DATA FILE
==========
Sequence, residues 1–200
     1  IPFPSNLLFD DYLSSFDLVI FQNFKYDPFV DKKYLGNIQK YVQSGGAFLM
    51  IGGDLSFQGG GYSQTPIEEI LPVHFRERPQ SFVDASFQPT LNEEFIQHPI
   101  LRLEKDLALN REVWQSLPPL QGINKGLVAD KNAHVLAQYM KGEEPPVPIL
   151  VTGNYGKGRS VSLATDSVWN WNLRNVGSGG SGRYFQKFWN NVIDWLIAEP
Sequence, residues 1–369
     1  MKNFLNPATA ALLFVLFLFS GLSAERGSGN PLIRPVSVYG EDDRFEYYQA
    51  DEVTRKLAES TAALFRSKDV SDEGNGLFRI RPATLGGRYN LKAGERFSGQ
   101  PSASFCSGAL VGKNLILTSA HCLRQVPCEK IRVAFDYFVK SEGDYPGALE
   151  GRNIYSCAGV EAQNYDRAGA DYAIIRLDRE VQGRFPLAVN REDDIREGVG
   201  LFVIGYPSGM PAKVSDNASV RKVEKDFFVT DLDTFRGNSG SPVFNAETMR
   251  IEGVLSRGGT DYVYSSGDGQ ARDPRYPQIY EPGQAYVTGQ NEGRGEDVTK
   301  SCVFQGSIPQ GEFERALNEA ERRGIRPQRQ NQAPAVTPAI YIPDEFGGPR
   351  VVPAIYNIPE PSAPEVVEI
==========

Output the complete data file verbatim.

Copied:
Sequence, residues 1–200
     1  IPFPSNLLFD DYLSSFDLVI FQNFKYDPFV DKKYLGNIQK YVQSGGAFLM
    51  IGGDLSFQGG GYSQTPIEEI LPVHFRERPQ SFVDASFQPT LNEEFIQHPI
   101  LRLEKDLALN REVWQSLPPL QGINKGLVAD KNAHVLAQYM KGEEPPVPIL
   151  VTGNYGKGRS VSLATDSVWN WNLRNVGSGG SGRYFQKFWN NVIDWLIAEP
Sequence, residues 1–369
     1  MKNFLNPATA ALLFVLFLFS GLSAERGSGN PLIRPVSVYG EDDRFEYYQA
    51  DEVTRKLAES TAALFRSKDV SDEGNGLFRI RPATLGGRYN LKAGERFSGQ
   101  PSASFCSGAL VGKNLILTSA HCLRQVPCEK IRVAFDYFVK SEGDYPGALE
   151  GRNIYSCAGV EAQNYDRAGA DYAIIRLDRE VQGRFPLAVN REDDIREGVG
   201  LFVIGYPSGM PAKVSDNASV RKVEKDFFVT DLDTFRGNSG SPVFNAETMR
   251  IEGVLSRGGT DYVYSSGDGQ ARDPRYPQIY EPGQAYVTGQ NEGRGEDVTK
   301  SCVFQGSIPQ GEFERALNEA ERRGIRPQRQ NQAPAVTPAI YIPDEFGGPR
   351  VVPAIYNIPE PSAPEVVEI